This transcript has been modified from the original for readability.
I have a lot of different things I like to do, hobbies. One of them is restoring old trucks. Now you gotta understand. Most of the time people ask, “Why? Why do you do this?”
Restoring Milk Trucks
My dad was a milkman on the south side of Chicago for twenty years. I was his only son, so I delivered milk, all—most of my life, from six years old til college. So, I started collecting old milk trucks from the 1940s and the 1950s. I tried to restore them to look just like Dad’s milk truck. My goal was to make this truck look just like his and present it to him and say, “Dad, here’s your milk truck.” And I did.
I found a truck on eBay. It was in northern Illinois, and it was just a piece of junk. I mean, it was rust. So, I bid on the thing on eBay, and I brought it back here and worked on it. And at first, I was gonna hire somebody to do all the work, and then my neighbors started coming around saying, “Hey, I know something about bodywork, I know something about mechanical work.” And I knew a little bit myself, so between all of us, I worked like crazy. I got ideas from them, I borrowed tools from them and restored these trucks back to almost like new condition.
I had so much fun doing it. It brought back all these memories while I’m doing it. And then I presented it to my dad. And my dad came in, drove up, and we had the milk truck sitting in the driveway, and it was—it was really fun. So, I have enjoyed doing that.
Restoring Ice Cream Trucks
Now the second thing I’ve pursued besides milk trucks is ice cream trucks. Here I am, a little boy on the south side of Chicago growing up, and there’s this Good Humor ice cream truck coming up the road, ringing his bell. And I thought, “Wouldn’t it be fun to restore an old ice cream truck?”
So, I did the same thing. I got a Good Humor truck, did some restoring on it. And now whenever I want to have some fun, I go sit in my ice cream truck, drive it around with some ice cream in it, and give ice cream away.
Learning at BJU
I grew up on the south side of Chicago and grew up in the suburbs outside of Chicago. My dad and mom started taking us to church when I was about 5, 6 years old and were very faithful. One thing I remember about my parents is they were in every service. I just like the loyalty that they instilled within me toward local church ministry. It was important to them, and as I grew up it became important to me.
My pastor was a graduate of Bob Jones University, and he promoted Bob Jones all the time. It was great. And so, my sophomore year of high school, my junior year of high school, my senior year of high school, we went on trips to tour Bob Jones University. By the time I came here as a freshman, I knew my way around and had some good exposure to the campus.
I started majoring in finance first because I didn’t really know what I wanted to do. But I knew it was business.
One day, my accounting teacher—I was taking Accounting 101—stood by the door as I walked out toward the end of Accounting 101, and he says, “Mike, have you ever considered being an accounting major?”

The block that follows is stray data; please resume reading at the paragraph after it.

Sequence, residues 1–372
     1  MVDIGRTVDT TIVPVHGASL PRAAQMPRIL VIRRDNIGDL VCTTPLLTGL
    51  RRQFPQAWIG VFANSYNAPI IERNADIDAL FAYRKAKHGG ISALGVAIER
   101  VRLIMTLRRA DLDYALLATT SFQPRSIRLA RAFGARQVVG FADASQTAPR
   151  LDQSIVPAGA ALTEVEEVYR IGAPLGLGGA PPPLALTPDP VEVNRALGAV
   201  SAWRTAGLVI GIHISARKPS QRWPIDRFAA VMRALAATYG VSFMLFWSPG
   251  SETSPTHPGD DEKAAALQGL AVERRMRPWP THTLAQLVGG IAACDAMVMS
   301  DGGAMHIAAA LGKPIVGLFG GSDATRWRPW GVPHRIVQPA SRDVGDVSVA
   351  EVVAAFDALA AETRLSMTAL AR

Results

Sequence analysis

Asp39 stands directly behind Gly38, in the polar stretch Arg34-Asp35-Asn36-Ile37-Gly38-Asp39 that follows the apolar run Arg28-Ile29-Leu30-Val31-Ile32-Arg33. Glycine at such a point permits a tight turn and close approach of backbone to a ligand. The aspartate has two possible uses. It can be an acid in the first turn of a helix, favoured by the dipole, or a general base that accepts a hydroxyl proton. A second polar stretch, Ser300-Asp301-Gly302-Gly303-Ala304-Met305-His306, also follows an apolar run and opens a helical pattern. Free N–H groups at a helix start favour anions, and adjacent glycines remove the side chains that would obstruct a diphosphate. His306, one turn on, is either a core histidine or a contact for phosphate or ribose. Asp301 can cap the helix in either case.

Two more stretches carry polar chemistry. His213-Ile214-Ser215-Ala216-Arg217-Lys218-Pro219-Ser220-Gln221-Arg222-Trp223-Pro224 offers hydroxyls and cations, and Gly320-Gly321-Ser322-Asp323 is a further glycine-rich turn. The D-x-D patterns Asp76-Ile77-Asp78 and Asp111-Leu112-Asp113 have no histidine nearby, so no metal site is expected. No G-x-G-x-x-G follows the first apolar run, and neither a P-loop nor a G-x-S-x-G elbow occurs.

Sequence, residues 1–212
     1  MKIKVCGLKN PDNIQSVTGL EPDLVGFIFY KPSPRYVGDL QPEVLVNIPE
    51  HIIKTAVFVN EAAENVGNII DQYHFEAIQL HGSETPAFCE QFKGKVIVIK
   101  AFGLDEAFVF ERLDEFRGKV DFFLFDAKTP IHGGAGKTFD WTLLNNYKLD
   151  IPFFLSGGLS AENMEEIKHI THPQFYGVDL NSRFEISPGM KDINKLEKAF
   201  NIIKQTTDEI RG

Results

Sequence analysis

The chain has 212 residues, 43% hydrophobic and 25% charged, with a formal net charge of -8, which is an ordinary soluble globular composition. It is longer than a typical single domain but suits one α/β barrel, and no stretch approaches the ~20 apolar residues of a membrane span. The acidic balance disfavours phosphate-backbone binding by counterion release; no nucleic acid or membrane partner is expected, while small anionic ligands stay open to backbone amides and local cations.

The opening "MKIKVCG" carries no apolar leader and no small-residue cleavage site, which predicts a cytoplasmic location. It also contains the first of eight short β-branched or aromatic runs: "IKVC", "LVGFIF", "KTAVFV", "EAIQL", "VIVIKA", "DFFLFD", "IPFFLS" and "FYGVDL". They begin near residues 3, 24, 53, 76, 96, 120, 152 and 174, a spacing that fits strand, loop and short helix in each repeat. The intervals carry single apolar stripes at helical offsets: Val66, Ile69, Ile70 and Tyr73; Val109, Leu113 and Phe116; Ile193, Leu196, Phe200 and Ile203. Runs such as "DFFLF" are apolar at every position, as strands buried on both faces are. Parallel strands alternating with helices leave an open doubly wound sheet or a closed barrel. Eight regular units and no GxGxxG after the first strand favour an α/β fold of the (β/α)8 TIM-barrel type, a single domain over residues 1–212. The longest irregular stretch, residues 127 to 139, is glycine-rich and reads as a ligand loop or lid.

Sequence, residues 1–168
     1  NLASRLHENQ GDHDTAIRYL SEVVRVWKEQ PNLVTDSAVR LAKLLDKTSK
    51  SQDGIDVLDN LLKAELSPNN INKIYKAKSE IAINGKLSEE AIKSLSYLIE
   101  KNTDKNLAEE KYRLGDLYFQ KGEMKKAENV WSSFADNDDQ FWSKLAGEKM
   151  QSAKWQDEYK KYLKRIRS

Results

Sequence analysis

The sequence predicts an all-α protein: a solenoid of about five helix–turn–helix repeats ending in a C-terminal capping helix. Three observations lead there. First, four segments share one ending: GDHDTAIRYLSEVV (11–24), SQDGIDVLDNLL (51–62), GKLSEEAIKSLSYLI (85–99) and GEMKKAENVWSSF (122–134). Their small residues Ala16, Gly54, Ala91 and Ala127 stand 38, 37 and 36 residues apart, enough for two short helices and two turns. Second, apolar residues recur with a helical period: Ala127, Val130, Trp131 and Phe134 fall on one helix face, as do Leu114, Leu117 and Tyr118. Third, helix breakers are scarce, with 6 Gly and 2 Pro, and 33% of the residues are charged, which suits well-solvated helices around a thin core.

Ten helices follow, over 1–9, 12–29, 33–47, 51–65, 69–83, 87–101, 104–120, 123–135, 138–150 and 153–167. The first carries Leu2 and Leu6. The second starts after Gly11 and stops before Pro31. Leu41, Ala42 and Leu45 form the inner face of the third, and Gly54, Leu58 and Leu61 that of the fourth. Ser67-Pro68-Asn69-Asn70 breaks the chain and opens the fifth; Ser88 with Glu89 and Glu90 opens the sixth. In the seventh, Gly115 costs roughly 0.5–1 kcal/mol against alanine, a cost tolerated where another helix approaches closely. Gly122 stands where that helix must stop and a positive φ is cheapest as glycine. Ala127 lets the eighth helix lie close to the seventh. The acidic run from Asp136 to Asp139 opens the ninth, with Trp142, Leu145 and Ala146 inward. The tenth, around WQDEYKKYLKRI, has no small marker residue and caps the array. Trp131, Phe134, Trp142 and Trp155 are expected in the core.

Well, I thought accounting was just a bunch of debits and credits and green eyeshade-type stuff. And I said, “Oh, I don’t wanna be an accounting major.”
So, I walked away from that, but after I talked to my teacher about that, I got to thinking, “You know what? God’s given me certain gifts and skills in this area. Maybe I should pursue it.”
And I did. So, my sophomore year, I changed my major from finance to accounting, and it’s been great ever since.
Teaching at BJU
I was in my sophomore year taking an accounting class, really enjoying the class, and God used my teacher, Mr. Jim Martin—he almost became, not an idol but somebody I really respected, somebody I looked up to. And I said, “I wanna be like him.” I started thinking and started praying back when I was 19, 20 years old, “God, would You have me be a teacher at Bob Jones someday?” It’s just interesting how God used one man to have an influence in my life.
So, I majored in accounting, studied accounting, graduated from Bob Jones. I went to work at PricewaterhouseCoopers, a Big Eight CPA firm back then. It’s a Big Four CPA firm now. We moved to Dallas and we bought our first house. We moved into this brand-new house. I said to my wife Barbara, “Don’t hang any pictures on the walls because we don’t want nail holes in the walls when we sell our house and move back to Bob Jones University to teach.”
I’m 23 years old when I’m saying this, OK? And I’m just picturing, you know, two years of experience, I can be back to teach at Bob Jones University.
Well, God had His timing in mind and not my timing. Twenty years later, I’m 39, 40 years old, somewhere right in there. I’m on the phone with Dr. Bob Jones III. I had called him because I was being promoted and transferred from Dr. Pepper, where I eventually ended up working after Pricewaterhouse, and I was being transferred to London. I had called about a local church and a school for my kids. I was trying to locate these things before I made an acceptance of that promotion. So, we’re on the phone, we’re talking, and we finish our conversation.
He says, “Mike, have you ever considered coming to Bob Jones University and working with us here at Bob Jones?”
And I said, “Dr. Bob. I’ve been praying about this for 20 years.”
He laughed, and he was shocked because he wasn’t expecting that kind of an answer. So, we thank God for wonderfully speaking to my heart early in life and really showing me the path at that point in time.
Mike Buiter is now dean of BJU’s School of Business.